The name of the IP range. Any text between 1 and 40 characters. Give IP ranges names that describes the ranges, for example My computer, My LAN and so on.
The priority of the IP range. You can specify a value between 0 and 1000. A higher value means higher priority. If hMailServer matches two IP ranges, the IP range with the highest priority will be used. For example, if a client is matching one IP range with priority 5, and one IP range with priority 10, hMailServer will use the IP range with priority 10. If a client is matching two IP ranges with the same priority, the choice hMailServer will make is undefined.
Lower IP & Upper IP
All IP addresses between (and including) Lower IP and Upper IP will be effected by this IP range. For example, the IP address
127.0.0.4 matches an IP range where the Lower IP is
127.0.0.1 and the Upper IP is
127.0.0.5. The IP address
255.255.255.0 matches an IP range where both the Lower IP and Upper IP is
These settings lets you define which protocols hMailServer will allow, from TCP/IP connections originating from this IP range.
Require authentication for deliveries
These settings defines whether hMailServer should require SMTP authentication for deliveries. For example, if you require SMTP authentication for deliveries to external accounts, the sender must supply a username and password when sending the message. In most cases, you should not require SMTP authentication for deliveries to local accounts.
Define whether hMailServer should allow SMTP deliveries for this IP range. Local accounts means accounts on the server. E-mail addresses that does not belong to accounts in your hMailServer installation are treated as external accounts. Note that when sending an email from an alias address, the sender is treated as an external account. You should normally not enable deliveries from external to external accounts for any IP range. Enabling this allows anyone (including spammers) that connects from the IP range to send email through your server.
If this option is enabled, hMailServer will run spam protection (such as SPF, DNS blacklists and MX check) for SMTP deliveries originating from this IP range. You may want to disable this option for your local network.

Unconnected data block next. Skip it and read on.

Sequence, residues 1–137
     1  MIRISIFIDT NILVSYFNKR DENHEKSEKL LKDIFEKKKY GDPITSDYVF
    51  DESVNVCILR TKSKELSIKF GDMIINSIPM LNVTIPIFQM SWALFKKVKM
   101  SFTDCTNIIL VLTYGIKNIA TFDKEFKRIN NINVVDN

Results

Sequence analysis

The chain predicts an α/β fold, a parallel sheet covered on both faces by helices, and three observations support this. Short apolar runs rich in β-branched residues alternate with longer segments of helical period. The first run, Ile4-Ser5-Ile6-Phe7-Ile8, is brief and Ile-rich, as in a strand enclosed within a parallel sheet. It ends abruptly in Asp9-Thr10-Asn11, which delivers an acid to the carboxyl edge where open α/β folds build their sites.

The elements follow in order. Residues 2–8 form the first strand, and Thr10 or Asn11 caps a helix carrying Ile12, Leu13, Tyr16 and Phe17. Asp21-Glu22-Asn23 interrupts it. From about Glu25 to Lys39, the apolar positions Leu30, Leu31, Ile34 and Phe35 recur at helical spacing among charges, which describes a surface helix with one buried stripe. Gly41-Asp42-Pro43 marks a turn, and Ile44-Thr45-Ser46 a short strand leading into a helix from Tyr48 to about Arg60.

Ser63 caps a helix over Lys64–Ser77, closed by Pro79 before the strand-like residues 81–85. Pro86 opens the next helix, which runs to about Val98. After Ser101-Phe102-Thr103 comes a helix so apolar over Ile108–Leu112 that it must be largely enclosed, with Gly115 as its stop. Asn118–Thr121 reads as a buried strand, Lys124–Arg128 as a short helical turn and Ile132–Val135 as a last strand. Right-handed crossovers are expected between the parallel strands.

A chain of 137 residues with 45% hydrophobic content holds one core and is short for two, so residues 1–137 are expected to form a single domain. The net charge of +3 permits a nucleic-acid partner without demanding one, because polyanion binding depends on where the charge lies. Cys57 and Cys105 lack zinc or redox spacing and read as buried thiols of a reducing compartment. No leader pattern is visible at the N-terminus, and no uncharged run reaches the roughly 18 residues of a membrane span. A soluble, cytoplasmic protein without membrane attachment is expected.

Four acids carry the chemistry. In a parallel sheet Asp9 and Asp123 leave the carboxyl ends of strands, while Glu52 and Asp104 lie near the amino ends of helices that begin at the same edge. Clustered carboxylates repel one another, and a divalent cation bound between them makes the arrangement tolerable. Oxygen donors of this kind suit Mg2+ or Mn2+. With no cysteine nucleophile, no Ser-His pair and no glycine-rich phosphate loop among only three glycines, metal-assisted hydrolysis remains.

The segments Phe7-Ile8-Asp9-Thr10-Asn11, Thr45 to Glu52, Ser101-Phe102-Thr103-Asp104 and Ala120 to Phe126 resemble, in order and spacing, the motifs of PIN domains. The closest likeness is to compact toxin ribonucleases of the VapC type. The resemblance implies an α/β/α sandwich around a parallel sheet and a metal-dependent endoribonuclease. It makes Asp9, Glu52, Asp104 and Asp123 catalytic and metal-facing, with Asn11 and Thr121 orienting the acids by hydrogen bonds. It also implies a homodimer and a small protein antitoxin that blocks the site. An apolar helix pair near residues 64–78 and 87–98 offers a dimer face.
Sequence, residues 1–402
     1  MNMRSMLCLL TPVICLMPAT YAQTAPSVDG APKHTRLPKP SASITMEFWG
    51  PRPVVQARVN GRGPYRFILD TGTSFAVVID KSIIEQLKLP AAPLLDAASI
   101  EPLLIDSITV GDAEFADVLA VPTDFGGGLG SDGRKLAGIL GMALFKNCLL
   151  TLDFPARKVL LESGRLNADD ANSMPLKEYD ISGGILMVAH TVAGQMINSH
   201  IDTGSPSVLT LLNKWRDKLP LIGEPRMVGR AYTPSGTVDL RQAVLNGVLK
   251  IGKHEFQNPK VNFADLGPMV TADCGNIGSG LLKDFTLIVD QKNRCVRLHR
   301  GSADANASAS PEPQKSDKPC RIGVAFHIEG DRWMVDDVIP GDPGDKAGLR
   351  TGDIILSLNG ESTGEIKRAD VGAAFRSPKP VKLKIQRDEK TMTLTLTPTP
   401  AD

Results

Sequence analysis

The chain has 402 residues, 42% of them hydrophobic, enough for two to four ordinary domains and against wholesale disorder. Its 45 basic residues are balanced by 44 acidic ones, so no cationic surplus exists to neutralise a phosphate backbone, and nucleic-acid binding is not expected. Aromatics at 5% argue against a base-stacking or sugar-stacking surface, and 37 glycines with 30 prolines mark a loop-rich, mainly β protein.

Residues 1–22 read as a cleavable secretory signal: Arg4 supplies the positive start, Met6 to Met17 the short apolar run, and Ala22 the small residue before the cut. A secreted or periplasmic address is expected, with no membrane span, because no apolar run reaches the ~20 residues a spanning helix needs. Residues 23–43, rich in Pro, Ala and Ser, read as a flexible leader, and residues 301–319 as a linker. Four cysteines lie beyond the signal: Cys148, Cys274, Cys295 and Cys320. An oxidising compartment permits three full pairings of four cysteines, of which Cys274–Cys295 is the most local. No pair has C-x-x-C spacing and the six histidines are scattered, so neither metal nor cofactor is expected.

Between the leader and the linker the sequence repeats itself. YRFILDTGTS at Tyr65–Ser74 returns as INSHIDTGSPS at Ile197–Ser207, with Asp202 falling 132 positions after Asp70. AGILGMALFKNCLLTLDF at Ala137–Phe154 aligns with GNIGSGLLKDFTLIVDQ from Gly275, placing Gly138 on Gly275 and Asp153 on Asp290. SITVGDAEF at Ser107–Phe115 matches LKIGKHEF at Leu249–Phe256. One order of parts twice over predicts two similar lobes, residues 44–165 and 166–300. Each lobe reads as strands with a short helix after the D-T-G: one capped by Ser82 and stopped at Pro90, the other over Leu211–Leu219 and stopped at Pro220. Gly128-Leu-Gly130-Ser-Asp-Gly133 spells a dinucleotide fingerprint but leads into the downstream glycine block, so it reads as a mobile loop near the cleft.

If this option is enabled, hMailServer will run virus protection on deliveries originating from this IP range. You may want to disable this option for your local network.
If this option has been selected, hMailServer will assume that any message received from this IP range is being forwarded. Normally hMailServer uses the senders TCP/IP address when doing spam protection. When hMailServer receives an email from a MX backup, hMailServer can't use the senders TCP/IP address since this is the IP address of the backup server. If this option has been selected, hMailServer will try to determine the original senders IP address by parsing the Received headers of the email.
Run open relay tests
After you've changed or added an IP range, you should run at least one open relay test to ensure that no-one can use your server to send spam.
Do not enable external to external
It's recommended that you never enable External to External in any of the IP ranges. If you do, any client which matches the IP range will be able to send email through your server, even if he does not have an account on the server - this includes spammers. For example, if you enable External to External in the Internet IP range, any user on the Internet may be able to send spam through your server. This will typically have the result that your server will become blacklisted by other servers on the Internet, and that legitimate email delivered from your server will be classified by spam.
It may be safe to enable External to External if it is for an IP range only covering an internal trusted network or localhost. Whether or not it's safe depends on your network set-up and firewall configuration.
Instead of enabling External to External, you should configure all email clients to send from valid accounts on the server.